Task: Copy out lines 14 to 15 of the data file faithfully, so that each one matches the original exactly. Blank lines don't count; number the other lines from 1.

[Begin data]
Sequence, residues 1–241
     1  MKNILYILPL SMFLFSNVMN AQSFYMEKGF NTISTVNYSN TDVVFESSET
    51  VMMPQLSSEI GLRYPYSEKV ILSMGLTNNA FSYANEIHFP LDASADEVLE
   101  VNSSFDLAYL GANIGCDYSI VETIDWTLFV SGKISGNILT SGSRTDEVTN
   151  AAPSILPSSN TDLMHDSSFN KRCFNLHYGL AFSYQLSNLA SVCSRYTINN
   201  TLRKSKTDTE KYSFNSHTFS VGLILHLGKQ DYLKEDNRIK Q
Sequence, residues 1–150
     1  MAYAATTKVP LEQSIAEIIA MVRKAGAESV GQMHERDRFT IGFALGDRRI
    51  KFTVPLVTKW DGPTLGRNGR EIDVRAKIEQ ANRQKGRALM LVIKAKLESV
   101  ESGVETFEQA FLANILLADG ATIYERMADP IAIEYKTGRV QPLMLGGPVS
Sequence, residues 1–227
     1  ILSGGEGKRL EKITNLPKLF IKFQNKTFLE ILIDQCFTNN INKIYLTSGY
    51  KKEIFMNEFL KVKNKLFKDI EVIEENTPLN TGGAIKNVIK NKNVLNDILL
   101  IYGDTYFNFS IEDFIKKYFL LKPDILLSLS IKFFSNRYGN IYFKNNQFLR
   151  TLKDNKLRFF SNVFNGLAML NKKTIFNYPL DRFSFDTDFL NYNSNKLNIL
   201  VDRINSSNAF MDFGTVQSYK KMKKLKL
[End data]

   101  IYGDTYFNFS IEDFIKKYFL LKPDILLSLS IKFFSNRYGN IYFKNNQFLR
   151  TLKDNKLRFF SNVFNGLAML NKKTIFNYPL DRFSFDTDFL NYNSNKLNIL